3 Things Millennials Know About Success That You Don't
Published: May 13, 2013
Poor Millennials. It's bad enough that they're struggling with little job experience in a tough job market, but we're all beating them up for even trying.
Those whippersnappers, we snipe, they think they're entitled to a job? They want feedback? They want to be paid for what they know how to do? But they probably learned it on the internet! That's hardly viable resource for learning!
Still, you've got to hand it to them: Gen Y (usually defined as those individuals born between 1980 and 2000) are a pretty aware generation. They've lived their whole lives surrounded by information technology, and if they come off as self obsessed, know it all twits, well, it may simply be because they've got the tools to indulge in it. (Joel Stein notes in his Time magazine piece that in the 1960s everybody "trapped" friends at their homes to look at hundreds of vacation polaroids. Imagine if they'd had instagram!).
When all's said and done, Millennials may be better adjusted to today's work world than anyone else. Here's what they know they you might not:
1. The Importance of Branding
Like stargazing, there's nothing like a little internet browsing to make you feel small. You always knew vaguely that there's always going to be somebody better at the things you do out there—but in internet culture, you're consistently exposed to "the other" and the "more": more attractive, creative, engaging, charming, accomplished, etc.
Now imaging you've lived your whole life exposed to the rest of the world this way, and you'll understand Millennials' obsession with uniqueness a little better.
Rather than try to beat out others in the achievement sense, young people are trying to look inward and use what's already unique to them to get noticed—whether they're looking for more hits on a blog or trying to find a job.
Now that the job market is flooded with more experienced, more accomplished people than you, the Millennial approach may be a shrewd one: if you can't beat out the competition, you can at least vie for a memorable impression. Gimmicks are usually a bad idea here (you are trying to be seen as a professional, after all), but tapping into what's already special about you is a great way to authentically stand out.
2. Ask and you shall receive
A little entitlement goes a long way. Many of us bemoan Millennial perceived claim to jobs, then promotions, and of course, positive reinforcement all along the way. Entitlement may be the attitude, and it may be due to "participation trophy" culture. But whatever the cause, the effect is clear: Millennials are getting at least some of what they're asking for, and that translates to much more than the rest of us (who are too scared to ask for anything).
Even Stein writes in his Time piece about prominent executives who have puzzled over the fact that they gave an hour of their time to meet with young people, simply because they had asked for the time.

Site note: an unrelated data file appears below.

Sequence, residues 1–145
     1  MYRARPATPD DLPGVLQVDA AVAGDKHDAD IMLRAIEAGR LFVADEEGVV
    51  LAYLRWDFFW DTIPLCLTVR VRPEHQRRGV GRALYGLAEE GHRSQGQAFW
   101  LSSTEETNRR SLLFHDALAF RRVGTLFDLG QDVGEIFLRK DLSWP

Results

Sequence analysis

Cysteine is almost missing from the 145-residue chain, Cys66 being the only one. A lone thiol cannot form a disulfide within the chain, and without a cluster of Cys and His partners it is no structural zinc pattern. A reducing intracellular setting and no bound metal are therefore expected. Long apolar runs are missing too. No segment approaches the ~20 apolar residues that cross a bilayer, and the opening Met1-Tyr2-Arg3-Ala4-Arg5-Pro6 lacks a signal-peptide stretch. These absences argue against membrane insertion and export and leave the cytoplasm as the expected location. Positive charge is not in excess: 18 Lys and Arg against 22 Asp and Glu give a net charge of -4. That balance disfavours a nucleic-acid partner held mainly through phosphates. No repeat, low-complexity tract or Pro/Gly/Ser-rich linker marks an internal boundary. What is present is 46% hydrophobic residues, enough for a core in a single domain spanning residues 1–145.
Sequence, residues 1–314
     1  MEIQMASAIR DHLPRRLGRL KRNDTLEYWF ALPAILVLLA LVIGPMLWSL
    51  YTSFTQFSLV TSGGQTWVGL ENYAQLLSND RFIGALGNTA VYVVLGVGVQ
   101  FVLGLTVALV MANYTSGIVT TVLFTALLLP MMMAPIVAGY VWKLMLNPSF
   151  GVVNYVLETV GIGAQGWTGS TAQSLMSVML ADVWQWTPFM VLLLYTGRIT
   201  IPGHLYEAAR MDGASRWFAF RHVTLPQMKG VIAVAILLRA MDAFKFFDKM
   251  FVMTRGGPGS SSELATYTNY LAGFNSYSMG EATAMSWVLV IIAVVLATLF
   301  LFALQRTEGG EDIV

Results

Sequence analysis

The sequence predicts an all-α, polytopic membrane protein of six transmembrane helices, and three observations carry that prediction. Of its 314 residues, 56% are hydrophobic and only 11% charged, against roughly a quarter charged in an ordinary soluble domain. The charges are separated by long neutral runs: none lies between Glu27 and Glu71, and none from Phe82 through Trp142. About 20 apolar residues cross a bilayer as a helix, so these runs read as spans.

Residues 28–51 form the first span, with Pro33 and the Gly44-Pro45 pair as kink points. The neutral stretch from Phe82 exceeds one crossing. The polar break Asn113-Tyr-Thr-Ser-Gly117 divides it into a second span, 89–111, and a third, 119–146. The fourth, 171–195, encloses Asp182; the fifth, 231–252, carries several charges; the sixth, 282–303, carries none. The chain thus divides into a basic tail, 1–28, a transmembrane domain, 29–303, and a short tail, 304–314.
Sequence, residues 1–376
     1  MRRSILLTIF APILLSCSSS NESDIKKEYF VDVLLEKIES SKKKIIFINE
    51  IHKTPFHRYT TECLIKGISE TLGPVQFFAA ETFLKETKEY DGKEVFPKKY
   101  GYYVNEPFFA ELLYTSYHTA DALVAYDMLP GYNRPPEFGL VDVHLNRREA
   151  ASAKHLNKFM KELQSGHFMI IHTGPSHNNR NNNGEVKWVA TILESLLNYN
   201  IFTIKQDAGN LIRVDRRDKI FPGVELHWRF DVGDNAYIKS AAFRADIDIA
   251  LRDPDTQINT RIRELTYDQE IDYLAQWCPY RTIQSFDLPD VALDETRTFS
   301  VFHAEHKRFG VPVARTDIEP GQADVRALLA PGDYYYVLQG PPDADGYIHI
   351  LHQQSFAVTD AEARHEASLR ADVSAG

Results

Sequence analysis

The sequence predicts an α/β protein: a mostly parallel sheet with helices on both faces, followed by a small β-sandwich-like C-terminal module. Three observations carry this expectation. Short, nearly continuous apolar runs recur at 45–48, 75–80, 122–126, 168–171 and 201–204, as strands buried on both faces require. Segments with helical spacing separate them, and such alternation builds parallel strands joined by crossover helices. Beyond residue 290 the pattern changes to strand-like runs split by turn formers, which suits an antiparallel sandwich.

You may turn your nose up at the boldness of asking, but you can't argue with the results. Making a simple, clear request (whether it's for an informational interview, feedback, a recommendation) has a much, much better shot at getting an affirmative response than no request at all.
3. Fit is everything
A lot of people are calling it "delayed adolescence" or simple indecisiveness. But, given the wealth of knowledge young people have about the world and their career options in it, plus a great life expectancy, can anyone blame them for putting off major life choices?
Millennials are big on finding their "niche." As Stein writes, the internet under their influence is a "90%" positive place, in comparison to the 50/50 positive-negative split it was under Gen X's rule. The reason? There's no longer an "us" and "them" in youth culture; in fact, there's really no "subculture" at all, since there's such a huge number and variety of cultures one can dip into and out of at will. And now, thanks to the internet (and specifically, YouTube), young people know what's out there. Why bother rebelling against one type of culture when you could instead opt to be a part of another thing that suits you better?
What this all comes down to is that Millennials don't want to settle: because of the wealth of variety they're experiencing in every aspect of their lives (art, music, political opinions) they truly believe that the place they'll spend most of their time in adult life, work, can be a perfect fit for them.
Also, there really is no easy path to follow anymore anyway. The days of "Doctor vs. Lawyer" no longer exist. In an unsteady job market, a clear career path no longer exists. Millennials feel that their best shot at success may truly be in finding the best fit for their particular mix of personality and skills. And, if their branding successes are any proof, they may be onto something.
--Cathy Vandewater, Vault.com
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Millennials: The Me Me Me Generation (Time magazine (subscription required))